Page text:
That right there is the bloody nose. In fact, Amnesty rates the security of several message applications on a 100-point scale. These are the following scores of the leading contenders:
- Skype: 40/100
- Apple iMessage and Facetime: 67/100
- Messenger: 73/100
- What’s App: 73/100
- Snapchat: 26/100
Snapchat does delete all message traffic and photos from its servers. Law enforcement (LE) needs a subpoena signed by a judge to request information from a server, or a warrant signed by a judge to conduct their own search of the server. All LE would gain would be metadata about the messages—times and dates of transmissions—but not the content of those messages.
So there is no record of the messages, right? Balderdash, I tells ya. Hogwash and poppycock. In an earlier essay I published, I explored how the smartphone is essentially two prime mover components: a base-band modem and a full-up computer. The modem handles the communications transfers and the computer processes application interfaces.
It is the nature of the computer in your phone that undermines Snapchat’s ostensible security. Snapchat deletes messages from its servers and kindly invites your phone’s computer files system to delete the message as well—and the phone does delete them.
But (and This is a Huge But)
Computer 101: How deleted is deleted data on your computer? Not very deleted, I’m afraid. I know that, you know that, Bob Dole and the American people all know that. Your phone deletes as directed, but performs no wipe function such as overwriting your old messages. They remain until such (lengthy) time that they are overwritten by the natural function of hard drive memory space. There is no indication, estimate, or rule of thumb for how long it will take for that to occur.
LE can subpoena or warrant the search of your phone during a criminal investigation. An entry-level forensic scan of your phone can reveal damaging evidence in relatively short order. Yep, another one of life’s simple pleasures ruined by a meddling bureaucracy.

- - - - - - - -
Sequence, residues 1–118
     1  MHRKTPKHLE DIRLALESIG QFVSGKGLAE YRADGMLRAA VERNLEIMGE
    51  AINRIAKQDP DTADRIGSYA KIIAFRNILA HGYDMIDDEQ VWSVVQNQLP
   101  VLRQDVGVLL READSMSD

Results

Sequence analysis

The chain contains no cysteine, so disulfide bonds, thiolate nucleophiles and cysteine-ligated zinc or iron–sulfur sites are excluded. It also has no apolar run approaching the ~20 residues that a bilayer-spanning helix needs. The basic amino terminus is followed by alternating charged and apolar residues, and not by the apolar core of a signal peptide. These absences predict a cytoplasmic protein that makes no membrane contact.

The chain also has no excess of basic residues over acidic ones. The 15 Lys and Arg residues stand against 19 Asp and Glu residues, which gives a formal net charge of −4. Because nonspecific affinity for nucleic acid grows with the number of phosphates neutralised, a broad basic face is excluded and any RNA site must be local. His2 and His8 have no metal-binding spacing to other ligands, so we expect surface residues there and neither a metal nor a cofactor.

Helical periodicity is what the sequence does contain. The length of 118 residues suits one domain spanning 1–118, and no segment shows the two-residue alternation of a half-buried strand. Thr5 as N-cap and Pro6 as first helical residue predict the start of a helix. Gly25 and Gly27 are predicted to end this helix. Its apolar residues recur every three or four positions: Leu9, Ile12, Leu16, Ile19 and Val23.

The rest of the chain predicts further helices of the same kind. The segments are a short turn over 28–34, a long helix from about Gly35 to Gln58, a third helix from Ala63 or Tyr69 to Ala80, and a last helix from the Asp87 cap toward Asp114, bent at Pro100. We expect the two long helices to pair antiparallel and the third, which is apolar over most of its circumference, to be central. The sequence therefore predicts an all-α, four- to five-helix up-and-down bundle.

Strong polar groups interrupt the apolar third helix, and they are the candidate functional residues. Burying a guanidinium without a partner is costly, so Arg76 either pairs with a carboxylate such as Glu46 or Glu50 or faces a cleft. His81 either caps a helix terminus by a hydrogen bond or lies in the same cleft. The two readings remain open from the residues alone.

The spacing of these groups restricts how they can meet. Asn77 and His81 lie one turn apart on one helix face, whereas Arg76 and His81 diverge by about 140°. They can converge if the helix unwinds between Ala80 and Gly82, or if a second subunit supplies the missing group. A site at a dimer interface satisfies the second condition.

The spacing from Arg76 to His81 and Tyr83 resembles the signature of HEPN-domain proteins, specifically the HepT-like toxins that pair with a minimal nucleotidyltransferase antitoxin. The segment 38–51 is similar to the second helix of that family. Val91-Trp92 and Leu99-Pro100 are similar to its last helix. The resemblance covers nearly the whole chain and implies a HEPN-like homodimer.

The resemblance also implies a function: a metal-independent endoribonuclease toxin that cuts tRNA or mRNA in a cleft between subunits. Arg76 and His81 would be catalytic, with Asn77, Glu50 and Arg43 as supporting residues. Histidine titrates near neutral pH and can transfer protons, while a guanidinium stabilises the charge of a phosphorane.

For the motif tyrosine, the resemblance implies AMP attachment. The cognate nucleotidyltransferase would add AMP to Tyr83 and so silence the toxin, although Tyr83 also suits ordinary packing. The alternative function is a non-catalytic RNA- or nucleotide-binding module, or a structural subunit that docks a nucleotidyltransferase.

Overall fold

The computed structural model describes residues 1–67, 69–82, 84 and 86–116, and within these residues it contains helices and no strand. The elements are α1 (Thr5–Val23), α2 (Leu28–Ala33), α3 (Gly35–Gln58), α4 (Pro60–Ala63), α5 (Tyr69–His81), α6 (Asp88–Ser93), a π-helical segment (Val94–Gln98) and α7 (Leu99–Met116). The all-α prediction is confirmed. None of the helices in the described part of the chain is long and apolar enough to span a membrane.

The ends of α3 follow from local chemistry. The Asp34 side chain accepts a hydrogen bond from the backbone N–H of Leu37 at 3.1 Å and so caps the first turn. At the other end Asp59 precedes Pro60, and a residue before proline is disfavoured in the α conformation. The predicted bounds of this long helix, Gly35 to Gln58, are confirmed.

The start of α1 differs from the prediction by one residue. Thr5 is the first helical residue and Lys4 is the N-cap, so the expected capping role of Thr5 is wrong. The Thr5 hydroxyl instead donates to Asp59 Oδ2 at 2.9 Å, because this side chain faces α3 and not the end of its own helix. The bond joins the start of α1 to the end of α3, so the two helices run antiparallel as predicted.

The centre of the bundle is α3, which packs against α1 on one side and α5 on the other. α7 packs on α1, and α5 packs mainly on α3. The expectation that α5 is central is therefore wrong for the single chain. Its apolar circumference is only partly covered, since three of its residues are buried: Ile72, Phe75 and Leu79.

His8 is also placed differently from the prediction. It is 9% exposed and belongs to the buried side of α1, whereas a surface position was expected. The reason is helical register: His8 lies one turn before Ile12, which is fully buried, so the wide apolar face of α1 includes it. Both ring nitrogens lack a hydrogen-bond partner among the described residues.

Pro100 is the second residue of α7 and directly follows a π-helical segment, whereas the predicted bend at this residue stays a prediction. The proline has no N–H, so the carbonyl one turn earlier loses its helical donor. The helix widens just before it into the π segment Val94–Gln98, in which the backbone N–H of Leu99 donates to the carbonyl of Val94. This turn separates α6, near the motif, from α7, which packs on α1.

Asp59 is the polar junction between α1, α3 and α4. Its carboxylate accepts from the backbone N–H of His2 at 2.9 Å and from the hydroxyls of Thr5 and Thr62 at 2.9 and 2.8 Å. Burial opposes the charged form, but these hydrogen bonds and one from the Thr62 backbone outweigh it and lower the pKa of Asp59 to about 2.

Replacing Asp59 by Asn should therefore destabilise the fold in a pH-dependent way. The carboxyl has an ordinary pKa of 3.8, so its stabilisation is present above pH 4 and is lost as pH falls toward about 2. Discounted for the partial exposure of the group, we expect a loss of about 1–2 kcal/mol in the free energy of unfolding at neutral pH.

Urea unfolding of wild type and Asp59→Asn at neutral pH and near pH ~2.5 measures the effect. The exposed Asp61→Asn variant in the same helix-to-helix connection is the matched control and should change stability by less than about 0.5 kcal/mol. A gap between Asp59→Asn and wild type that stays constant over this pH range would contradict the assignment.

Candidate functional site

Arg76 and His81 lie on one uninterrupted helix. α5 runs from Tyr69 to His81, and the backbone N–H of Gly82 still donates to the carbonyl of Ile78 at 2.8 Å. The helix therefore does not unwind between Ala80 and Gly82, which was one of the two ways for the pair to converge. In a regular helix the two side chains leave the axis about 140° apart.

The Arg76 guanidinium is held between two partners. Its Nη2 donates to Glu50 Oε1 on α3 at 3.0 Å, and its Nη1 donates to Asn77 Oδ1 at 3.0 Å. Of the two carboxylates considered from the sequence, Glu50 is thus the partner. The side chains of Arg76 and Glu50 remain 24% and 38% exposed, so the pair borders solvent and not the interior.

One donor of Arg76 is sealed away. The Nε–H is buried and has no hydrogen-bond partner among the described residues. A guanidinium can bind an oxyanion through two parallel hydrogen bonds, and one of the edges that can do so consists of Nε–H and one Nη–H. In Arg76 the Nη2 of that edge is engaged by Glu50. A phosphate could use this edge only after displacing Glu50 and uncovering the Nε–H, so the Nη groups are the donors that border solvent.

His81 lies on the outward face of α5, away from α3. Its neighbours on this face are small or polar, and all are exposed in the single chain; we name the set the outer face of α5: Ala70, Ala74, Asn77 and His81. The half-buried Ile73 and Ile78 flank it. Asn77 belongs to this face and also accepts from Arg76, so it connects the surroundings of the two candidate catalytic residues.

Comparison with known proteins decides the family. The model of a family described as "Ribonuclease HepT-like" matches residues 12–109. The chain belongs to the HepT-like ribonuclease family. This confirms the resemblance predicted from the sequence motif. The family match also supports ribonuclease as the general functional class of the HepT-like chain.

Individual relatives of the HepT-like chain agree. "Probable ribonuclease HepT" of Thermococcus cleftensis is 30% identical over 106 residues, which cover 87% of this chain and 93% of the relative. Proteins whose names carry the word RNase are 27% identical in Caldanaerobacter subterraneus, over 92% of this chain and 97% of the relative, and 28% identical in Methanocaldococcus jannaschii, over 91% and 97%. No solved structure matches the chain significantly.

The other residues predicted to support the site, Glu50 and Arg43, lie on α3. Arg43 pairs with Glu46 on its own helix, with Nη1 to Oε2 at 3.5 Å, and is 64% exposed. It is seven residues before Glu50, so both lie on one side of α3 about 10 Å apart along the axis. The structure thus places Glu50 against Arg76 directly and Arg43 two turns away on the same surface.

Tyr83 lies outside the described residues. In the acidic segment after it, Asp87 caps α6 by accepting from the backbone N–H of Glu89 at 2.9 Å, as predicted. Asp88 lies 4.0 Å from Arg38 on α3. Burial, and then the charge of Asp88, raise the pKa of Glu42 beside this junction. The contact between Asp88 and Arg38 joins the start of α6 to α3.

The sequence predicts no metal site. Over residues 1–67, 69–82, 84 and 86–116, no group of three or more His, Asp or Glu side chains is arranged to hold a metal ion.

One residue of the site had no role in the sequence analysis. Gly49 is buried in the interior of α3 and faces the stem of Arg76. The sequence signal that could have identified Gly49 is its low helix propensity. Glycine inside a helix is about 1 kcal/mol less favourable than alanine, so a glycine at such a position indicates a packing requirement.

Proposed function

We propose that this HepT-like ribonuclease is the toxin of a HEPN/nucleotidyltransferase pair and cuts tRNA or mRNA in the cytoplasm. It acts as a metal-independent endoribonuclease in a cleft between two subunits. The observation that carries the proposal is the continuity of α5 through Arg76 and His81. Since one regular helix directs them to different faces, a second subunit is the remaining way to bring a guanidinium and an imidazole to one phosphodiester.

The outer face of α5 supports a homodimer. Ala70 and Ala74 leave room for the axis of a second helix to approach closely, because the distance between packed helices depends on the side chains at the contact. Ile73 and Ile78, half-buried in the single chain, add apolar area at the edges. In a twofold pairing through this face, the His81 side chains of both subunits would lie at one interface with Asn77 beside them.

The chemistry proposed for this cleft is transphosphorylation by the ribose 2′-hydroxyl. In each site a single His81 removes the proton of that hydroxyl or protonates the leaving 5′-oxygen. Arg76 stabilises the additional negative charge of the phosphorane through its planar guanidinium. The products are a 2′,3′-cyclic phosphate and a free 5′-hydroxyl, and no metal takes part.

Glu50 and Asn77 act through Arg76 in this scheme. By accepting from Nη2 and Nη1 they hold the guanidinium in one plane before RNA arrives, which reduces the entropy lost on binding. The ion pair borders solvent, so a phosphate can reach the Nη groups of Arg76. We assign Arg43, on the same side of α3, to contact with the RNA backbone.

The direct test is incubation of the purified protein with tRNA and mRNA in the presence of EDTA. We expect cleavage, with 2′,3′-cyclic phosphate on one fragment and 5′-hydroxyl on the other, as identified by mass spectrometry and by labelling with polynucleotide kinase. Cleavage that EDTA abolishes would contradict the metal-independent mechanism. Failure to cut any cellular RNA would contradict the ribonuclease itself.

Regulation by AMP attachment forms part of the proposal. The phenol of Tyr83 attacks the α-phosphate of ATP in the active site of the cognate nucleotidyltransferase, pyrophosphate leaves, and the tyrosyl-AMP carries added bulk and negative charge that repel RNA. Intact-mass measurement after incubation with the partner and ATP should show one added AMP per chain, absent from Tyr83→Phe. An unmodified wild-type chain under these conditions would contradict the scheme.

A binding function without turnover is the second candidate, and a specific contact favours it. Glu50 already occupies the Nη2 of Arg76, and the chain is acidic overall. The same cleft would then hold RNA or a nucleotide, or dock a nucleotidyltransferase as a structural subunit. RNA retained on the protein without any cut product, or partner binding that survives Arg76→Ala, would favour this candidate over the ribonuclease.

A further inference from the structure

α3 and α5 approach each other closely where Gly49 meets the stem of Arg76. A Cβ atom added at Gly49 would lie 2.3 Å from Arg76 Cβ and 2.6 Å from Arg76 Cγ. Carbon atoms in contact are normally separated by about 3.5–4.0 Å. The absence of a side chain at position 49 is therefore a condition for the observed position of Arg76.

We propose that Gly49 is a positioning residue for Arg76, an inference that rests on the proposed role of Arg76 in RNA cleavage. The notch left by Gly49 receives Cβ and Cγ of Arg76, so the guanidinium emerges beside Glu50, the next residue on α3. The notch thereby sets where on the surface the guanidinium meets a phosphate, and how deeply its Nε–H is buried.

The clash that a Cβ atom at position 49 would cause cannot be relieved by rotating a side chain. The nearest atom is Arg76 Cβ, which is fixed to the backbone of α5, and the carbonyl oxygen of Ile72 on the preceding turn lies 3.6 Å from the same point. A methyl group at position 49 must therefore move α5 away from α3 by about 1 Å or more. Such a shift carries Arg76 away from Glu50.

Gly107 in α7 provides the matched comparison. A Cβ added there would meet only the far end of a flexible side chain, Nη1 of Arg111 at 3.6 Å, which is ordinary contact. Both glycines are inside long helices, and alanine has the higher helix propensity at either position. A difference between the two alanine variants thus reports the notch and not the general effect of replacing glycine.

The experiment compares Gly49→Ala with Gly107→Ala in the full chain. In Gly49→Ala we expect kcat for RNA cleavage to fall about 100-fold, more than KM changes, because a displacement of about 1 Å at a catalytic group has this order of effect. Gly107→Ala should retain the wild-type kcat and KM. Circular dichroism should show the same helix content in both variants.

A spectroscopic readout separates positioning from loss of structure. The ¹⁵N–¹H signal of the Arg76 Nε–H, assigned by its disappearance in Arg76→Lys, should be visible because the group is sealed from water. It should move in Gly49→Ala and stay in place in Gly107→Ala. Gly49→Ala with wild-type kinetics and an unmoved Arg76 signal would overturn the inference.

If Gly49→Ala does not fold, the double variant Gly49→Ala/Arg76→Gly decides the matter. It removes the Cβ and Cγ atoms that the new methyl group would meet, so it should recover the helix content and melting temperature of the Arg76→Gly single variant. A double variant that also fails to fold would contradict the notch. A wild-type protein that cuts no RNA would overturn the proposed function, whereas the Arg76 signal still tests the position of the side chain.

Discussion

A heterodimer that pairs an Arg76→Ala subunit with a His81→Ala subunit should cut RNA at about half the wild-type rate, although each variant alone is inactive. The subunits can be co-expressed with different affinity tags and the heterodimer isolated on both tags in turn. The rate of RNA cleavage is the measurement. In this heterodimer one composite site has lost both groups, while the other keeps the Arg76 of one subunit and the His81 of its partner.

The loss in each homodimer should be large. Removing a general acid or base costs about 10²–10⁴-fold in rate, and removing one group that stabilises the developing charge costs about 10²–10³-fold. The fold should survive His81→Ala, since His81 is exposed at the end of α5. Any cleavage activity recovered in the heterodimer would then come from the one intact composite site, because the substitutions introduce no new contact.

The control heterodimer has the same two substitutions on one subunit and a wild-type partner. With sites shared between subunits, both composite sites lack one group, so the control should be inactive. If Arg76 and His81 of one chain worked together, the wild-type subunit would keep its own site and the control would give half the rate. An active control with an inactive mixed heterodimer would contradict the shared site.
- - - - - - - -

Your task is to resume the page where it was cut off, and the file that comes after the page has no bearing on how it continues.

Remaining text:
I don’t mean to assist any murderers, but refusing to give LE the password to your iPhone will probably tie your court case up indefinitely. Jailbreaking is still wickedly difficult, and conducting a chip-out maneuver, while possible on many phones, is not an option on the iPhone.
So Then, Snapchat
Snapchat is a fad, a trend, a kid’s toy, an undigested bit of beef, a crock of mustard, a crumb of cheese (Ebenezer Scrooge). Snapchat is a medium by which high-and-right teeny boppers send peek-a-boo selfies among themselves. Does it seem like the popularity of such a product lies in its inherent ability to ford more opportunities to act badly?
Whoa, but Geo, take thy beak from my heart. What about all the other bells and whistles and parlor tricks Snapchat offers? Touché! I would be remiss if I were to neglect to mention the extraordinarily annoying feature that allows you to insert bunny ears and nose to your portrait! OK, even I admit that feature is not utterly devoid of its charm, to a degree.
Snapchat’s ability to delete message traffic from server storage notwithstanding, and in direct sunlight of its failure to provide an acceptable level of end-to-end encryption, it misleads users into believing their information is safe. There is a time and place for Snapchat; murder planning is neither. If one were irreconcilably disposed to such event planning, it would make better sense (to me) to engage one of the peer applications that boast a higher Amnesty score. One above at least 50.
By almighty God and with honor,
If you enjoyed this article, please consider supporting our Veteran Editorial by becoming a SOFREP subscriber. Click here to get 3 months of full ad-free access for only $1